Volunteer With Jewish Teens! The Jewish Federation of Greater New Haven is searching for Jewish young adults to work as teen advisors in BBYO. Exodus AZA and Samuel D. Arons BBG meet Thursday nights at the JCC in Woodbridge. We are looking to fill these volunteer positions immediately. A stipend is available for these positions. Please contact Sydney Perry (203) 387-2424 x302.

For references please contact Sydney Perry at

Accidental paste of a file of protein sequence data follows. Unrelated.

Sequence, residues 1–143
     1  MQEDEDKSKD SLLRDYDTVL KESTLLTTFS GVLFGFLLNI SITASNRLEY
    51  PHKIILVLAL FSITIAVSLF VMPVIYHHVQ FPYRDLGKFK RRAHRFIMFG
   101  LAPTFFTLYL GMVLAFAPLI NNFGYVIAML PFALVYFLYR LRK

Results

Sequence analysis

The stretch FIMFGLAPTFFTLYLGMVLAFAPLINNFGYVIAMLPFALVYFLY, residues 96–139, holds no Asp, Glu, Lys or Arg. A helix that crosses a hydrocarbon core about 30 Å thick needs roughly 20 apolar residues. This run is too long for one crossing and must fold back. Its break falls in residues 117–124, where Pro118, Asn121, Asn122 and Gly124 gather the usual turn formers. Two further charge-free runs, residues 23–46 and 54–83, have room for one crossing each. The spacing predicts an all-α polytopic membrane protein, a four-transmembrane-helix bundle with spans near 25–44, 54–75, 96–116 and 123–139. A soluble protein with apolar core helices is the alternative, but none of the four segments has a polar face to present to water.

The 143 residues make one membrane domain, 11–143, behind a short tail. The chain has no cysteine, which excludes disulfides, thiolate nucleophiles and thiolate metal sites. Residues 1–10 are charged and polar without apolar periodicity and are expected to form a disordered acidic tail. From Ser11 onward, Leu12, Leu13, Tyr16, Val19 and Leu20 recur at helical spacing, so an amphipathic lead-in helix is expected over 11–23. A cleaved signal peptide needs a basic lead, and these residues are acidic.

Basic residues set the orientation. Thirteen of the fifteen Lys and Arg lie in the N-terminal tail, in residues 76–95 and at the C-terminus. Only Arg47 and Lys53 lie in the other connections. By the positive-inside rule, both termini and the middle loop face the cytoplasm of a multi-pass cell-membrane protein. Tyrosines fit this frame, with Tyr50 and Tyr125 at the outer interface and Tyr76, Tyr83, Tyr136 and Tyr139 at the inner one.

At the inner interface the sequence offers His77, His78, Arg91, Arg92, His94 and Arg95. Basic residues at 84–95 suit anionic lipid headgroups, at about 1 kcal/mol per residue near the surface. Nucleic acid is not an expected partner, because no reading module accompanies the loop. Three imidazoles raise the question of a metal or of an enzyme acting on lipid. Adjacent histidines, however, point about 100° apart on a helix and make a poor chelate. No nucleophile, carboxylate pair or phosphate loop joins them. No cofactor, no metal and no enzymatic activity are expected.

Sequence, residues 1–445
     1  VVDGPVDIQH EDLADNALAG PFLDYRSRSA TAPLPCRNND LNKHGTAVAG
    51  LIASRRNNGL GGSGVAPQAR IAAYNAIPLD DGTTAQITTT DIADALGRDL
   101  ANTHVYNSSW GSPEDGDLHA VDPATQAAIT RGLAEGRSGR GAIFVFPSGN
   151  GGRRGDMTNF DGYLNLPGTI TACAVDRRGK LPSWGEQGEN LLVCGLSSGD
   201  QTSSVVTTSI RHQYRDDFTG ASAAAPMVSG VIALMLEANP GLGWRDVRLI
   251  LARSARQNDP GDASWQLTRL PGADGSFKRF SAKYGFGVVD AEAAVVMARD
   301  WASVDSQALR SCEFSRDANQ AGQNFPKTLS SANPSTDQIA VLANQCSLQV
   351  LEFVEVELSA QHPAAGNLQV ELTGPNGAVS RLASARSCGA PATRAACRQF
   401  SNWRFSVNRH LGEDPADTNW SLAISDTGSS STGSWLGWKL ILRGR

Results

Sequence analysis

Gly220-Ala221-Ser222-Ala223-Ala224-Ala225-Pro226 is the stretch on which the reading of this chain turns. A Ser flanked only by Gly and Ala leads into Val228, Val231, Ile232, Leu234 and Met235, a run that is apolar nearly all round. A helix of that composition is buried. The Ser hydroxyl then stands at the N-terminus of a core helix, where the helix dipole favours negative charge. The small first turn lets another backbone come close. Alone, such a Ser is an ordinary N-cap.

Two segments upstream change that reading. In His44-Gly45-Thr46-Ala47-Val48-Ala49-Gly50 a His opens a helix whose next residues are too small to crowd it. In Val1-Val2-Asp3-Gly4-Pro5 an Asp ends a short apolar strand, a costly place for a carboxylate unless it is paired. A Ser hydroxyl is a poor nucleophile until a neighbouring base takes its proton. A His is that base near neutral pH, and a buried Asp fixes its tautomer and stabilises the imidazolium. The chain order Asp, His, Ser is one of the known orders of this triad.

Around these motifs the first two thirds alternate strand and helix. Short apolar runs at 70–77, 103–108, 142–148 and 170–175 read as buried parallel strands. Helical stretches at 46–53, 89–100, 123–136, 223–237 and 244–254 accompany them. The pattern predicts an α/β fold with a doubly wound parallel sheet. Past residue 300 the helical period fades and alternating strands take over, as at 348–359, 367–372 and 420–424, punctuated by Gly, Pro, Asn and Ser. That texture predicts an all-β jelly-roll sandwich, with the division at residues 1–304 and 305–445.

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Weekly Torah Study Sessions Saturdays, Mar. 1, 8, 15, 22 & 29, 9:30-11 AM Beth Israel Synagogue of Wallingford, 22 North Orchard St., Wallingford Contact: Beryl Bloch, 203-949-0651, Pathways to Judaism: A six-week class of discovery Wednesdays, Mar. 5, 12 & 19, 7-8:30 PM To register, send check for the $50 book and materials fee to either: CBSRZ, 55 E. Kings Highway, P.O. Box 438, Chester, CT 06412 or Temple Beth Tikvah, 196 Durham Rd., Madison, CT 06443. Henry Carter Hull Library, 10 Killingworth Tpke., Clinton Contact: Rabbi Rachel Goldenberg, 860-526-8920, Israeli Dance Wednesday, Mar. 5, 7:30-10:45 PM Enjoy Middle Eastern music. Wonderful exercise for your mind, body and soul! Joseph Slifka Center, 80 Wall St., New Haven. Contact: Leng Tan, 203912-4086, JCC Theaterworks Thursday, Mar. 6, 8 PM Sunday, Mar. 9, 2 PM & 7 PM Monday, Mar. 10, 8 PM JCC Theaterworks presents “The Last Seder” by Jennifer Maisel. Directed by Dana Sachs. A dysfunctional family reunion as four daughters return for the final Passover celebration in their childhood home. Tickets: $18, $12 for students/seniors. JCC Vine Auditorium, 360 Amity Rd., Woodbridge. Contact: DeDe JacobsKomisar, 203-387-2522, dedek@ Strategies for Success in Family Businesses Friday, Mar. 7, 7:15-9 AM Community Foundation for Greater New Haven, 70 Audubon St., 5th Fl., New Haven. Contact: Lisa Stanger, 203-387-2424, Community Game Night Saturday, Mar. 8, 6:30-9:30 PM Bring your favorite games and we provide the noshes. Beth Israel Synagogue of Wallingford, 22 North Orchard St., Wallingford. Contact: Beryl Bloch, 203-949-0651, Ezra Academy Gala & Auction Saturday, Mar. 8, 7 PM Congregation B’nai Jacob, 75 Rimmon Rd., Woodbridge. Contact:Ali Cranshaw, 203-389-5500, Bagels and Books (Ages 2-4) Sunday, Mar. 9, 10:30 AM Free interactive story time and singa-long. JCC of Greater New Haven, 360 Amity Rd., Woodbridge. Register: Laura LJ Ross, (203) 387-2522 x317, “Baking For Good”- The Art of Making Hamantaschen Sunday, Mar. 9, 11 AM -3 PM Sponsored by Tower One/Tower East and the JCC. Learn to make hamantaschen, cookies are baked and delivered to Jewish seniors in the Greater New Haven community. JCC of Greater New Haven,360 Amity Rd., Woodbridge. Contact: Linda Applebaum, 203-772-1816, 203-7858280,